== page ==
Solids of revolution How does this work? Watch

MathMeister
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The title- Why does doing pi * integral of y^2 (in terms of x) produce the volume of the solid of revolution?
Help would be greatly appreciated.
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Hasufel
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at any point on a graph, the height will be "y" (or f(x)) - representing the radius at the same point, so the area of the revolved circle will be Pi y^2.

Integration ensures the entire length of the "solid" is taken into account. - although that`s a pretty non-technical way of putting it!
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MathMeister
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Still doesn't make perfect intuitive sense.
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davros
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(Original post by MathMeister)
Still doesn't make perfect intuitive sense.
Doesn't your textbook have a good diagram that explains this?

Most calculus textbooks I've seen draw a pretty picture that shows how volumes (and surfaces) of revolution work when they first introduce the topic.
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Hasufel
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as a simple example, imagine you have the equation y=3 and are asked to obtain the volume of the solid obtained when this graph is revolved around the x axis from, say x=0 to x=5.

It`s easy to see that this is a cylinder with radius 3, height 5, so it`s volume is:

V= \pi \times 9 \times 5 = 45 \pi

performing the integration, you are (lets pick for x=0 here) "starting" with the height, imagining you are in 3 dimensions, and sweep it down to where y=0, then down to where y=-3 - this will give you half a circle - then if we keep going round, we eventually get back to y=3. We have gone a full circle. But, to get the Volume of the cylinder, we need to do this along the entire integration period (the entire "height" of it), from 0 to 5.

That is where the limits of integration come in, The  \pi y^{2} represents the area of the revolved circle at any point along the length of integration.

Adding these up, is essentially what integration is, it is a sum (think in terms of the large Sigma notation, which will have a limit) of terms from one point to another.

The ACTUAL INTEGRATION is:

\displaystyle V = \pi \int_0^{5} (3)^{2}dx =  9\pi \int_0^{5}dx = 45 \pi

We think of the volume as a series of "joined" circles, each with slightly different height, allowing us to obtain the figure`s volume.

This might help visualize also...

http://curvebank.calstatela.edu/volrev/volrev.htm
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TenOfThem
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(Original post by MathMeister)
The title- Why does doing pi * integral of y^2 (in terms of x) produce the volume of the solid of revolution?
Help would be greatly appreciated.
If you understand that integration gives you the limit of the area of the rectangles as the change in x tends to zero in order to find the area under a curve

What is harder about the limit of the volume of discs to find the volume
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MathMeister
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(Original post by TenOfThem)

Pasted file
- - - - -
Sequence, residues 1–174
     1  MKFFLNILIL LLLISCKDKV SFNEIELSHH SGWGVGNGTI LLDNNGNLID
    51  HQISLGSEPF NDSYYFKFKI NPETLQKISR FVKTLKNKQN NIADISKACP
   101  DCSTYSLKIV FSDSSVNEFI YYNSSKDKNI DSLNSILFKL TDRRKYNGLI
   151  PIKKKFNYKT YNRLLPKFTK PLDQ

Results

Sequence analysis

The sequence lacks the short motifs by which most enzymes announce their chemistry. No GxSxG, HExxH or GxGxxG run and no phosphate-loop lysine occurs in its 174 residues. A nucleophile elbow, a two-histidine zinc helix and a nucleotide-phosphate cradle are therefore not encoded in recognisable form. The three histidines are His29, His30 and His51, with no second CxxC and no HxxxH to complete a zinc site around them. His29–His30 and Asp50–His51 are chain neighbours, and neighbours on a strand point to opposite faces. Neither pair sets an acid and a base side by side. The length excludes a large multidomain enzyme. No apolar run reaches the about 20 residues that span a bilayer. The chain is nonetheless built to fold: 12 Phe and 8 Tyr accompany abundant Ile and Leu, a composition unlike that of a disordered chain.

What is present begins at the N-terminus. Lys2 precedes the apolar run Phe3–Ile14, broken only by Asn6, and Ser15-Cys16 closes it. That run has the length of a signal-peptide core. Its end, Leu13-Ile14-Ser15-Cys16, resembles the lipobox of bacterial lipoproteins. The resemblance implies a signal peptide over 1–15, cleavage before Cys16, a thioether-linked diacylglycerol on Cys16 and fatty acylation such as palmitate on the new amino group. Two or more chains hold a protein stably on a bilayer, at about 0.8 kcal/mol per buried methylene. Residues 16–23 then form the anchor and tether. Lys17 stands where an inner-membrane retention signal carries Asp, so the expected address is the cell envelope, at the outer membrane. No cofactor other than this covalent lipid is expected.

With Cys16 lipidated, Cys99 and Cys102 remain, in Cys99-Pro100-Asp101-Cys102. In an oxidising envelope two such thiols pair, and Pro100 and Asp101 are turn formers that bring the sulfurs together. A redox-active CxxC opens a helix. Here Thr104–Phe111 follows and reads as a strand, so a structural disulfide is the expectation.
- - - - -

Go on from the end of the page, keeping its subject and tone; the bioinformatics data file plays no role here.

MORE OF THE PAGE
If you understand that integration gives you the limit of the area of the rectangles as the change in x tends to zero in order to find the area under a curve
What is harder about the limit of the volume of discs to find the volume
Teacher doesn't tell us the ''why'' when it comes to calculus and the internet is not very useful.
I was starting to think this anyway.
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VannR
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Consider the graph of y = f(x). We consider to be the area between the graph and the x-axis between the lines x = a and x = b to be S(b,a) y dx.

Volume = S(b,a) y dx

Let us try to find find the value of this integral using rectangles of equal width. As we understand from the trapezium rule, the sum of such rectangles results in an approximation of the area under the curve. The larger the number of rectangles, the more accurate the approximation. If we were to find the sum of an infinite number of rectangles of infinitesimal width, this would give us the value of the integral.

The area of each rectangle is found as y.(delta)x, where each (delta)x is an increment of the value of x and is the width of each triangle. Thus, the exact area under the curve can be taken as

lim((delta)x tends to 0) ( (sum) y.(delta)x )

Integration is defined as the limit of this summation, therefore

lim((delta)x tends to 0) ( (sum) y.(delta)x ) = S(b,a) y dx

Each of these rectangles is going to be rotated by 2(pi) radians about the y-axis. This shape formed by the rotation of each rect will be approximately cylindrical. The volume of each cylinder-like shape will be

(pi).y^2.(delta)x

This is the area of the circle formed by the rotation of a point, (pi).y^2, multiplied by the width of the rectangle.

As (delta)x tends to 0 in our summation,

(sum)( (pi).y^2.(delta)x ) tends to S (pi).y^2.(delta)x

In other words,

lim((delta)x tends to 0) (sum)( (pi).y^2.(delta)x ) = S (pi).y^2.(delta)x


I can't use LaTeX, but I hope that helps to make things a bit clearer for you. It's just summation of infinitely-thin cylinders, as opposed to standard integration which gives you a summation of infinitely thin strips.
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